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Aug 10, 2016

Chemical Switch Engineered into a Light-Driven Proton Pump

Posted by in categories: bioengineering, biotech/medical, chemistry, physics

Synthetic biology is an emerging and rapidly evolving engineering discipline. Within the NCCR Molecular Systems Engineering, Scientists from Bernese have developed a version of the light-driven proton pump proteorhodopsin, which is chemically switchable and it is also an essential tool to efficiently power synthetic cells and molecular factories.

Synthetic biology is a highly complex field with numerous knowledge branches that incorporate physics, biology, and chemistry into engineering. It aims to design synthetic cells and molecular factories with innovative functions or properties that can be applied in medical and biological research or healthcare, industry research.

These artificial systems are available in the nanometer scale and are developed by assembling and combining current, synthetic or engineered building blocks (e.g., proteins). Molecular systems are applicable for a wide range of applications, for instance these systems can be used for waste disposal, medical treatment or diagnosis, energy supply and chemical compound synthesis.

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Aug 10, 2016

Neuron unites 2 theoretical models on motion detection

Posted by in category: neuroscience

Computation of motion by T4 cells in the fly brain more complex than previously believed


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Aug 10, 2016

Understanding brain circuit development: an interview with Dr Hollis Cline

Posted by in category: neuroscience

Interview conducted by , MA (Cantab)

Prior to your study, how much was known about the way brain circuits develop? How has your recent study advanced our understanding?

There’s a tremendous amount known about brain circuit development. Our work was inspired by experiments that were done over 50 years ago by scientists at Harvard University, Hubel and Wiesel. They received a Nobel Prize for their work and have inspired many additional experiments over the last 50 or 60 years.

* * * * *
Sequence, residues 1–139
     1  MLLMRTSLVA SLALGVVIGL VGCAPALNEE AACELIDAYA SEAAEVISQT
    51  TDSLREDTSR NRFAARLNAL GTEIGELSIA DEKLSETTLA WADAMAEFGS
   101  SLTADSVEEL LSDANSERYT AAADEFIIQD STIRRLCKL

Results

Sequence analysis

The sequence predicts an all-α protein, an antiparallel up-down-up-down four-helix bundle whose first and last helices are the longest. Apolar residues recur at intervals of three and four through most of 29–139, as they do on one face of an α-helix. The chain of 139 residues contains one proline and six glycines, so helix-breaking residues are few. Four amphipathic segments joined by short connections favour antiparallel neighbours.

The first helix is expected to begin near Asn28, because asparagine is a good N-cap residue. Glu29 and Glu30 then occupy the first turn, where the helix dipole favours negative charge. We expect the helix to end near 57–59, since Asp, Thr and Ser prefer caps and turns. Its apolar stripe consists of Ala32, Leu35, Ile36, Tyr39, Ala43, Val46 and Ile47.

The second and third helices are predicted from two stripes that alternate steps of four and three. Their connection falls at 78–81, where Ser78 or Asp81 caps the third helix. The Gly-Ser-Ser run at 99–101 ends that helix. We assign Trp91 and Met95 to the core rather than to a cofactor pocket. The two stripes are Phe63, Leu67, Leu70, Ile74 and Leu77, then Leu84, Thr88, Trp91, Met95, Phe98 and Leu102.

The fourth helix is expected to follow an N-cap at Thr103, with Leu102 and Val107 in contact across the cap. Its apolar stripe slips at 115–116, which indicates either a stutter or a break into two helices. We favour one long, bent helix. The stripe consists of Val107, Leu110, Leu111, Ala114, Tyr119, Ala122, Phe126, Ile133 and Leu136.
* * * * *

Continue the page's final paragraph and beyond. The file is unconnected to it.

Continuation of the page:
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Aug 10, 2016

Why Humans Should Be Genetically Engineering Their Children Now

Posted by in categories: bioengineering, biotech/medical, genetics, government


With the advent of CRISPR genetic engineering technology, humanity is on the cusp of an evolutionary revolution. We now possess the technology to modify our own genetic code (DNA). In a few more years, it will become more reliable, less expensive, and more available.

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Aug 10, 2016

3 Innovative Ways we Could Soon Store The World’s Data

Posted by in categories: biotech/medical, computing, information science

While existing methods like cold, flash and cloud storage are trying to remake themselves in the age of Big Data, there are also a number of alternative methods being developed that suggest looking outside of traditional methods could be our best bet for storing and managing such unprecedented amounts of data.

Here are three methods to look out for:

We are about to witness a data storage breakthrough in which digital information could be embedded into the primary fabric of our being: the double helix of DNA. As a storage system, DNA is both compact and durable, with a single gram of DNA able to store almost a zettabyte of digital data. Now that scientists can successfully create synthetic DNA, it follows that we will be able to control what information gets stored on those strands.

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Aug 10, 2016

Quantum computing and cryptocurrencies: Are Steemit and bitcoin safe?

Posted by in categories: bitcoin, computing, cryptocurrencies, encryption, quantum physics, security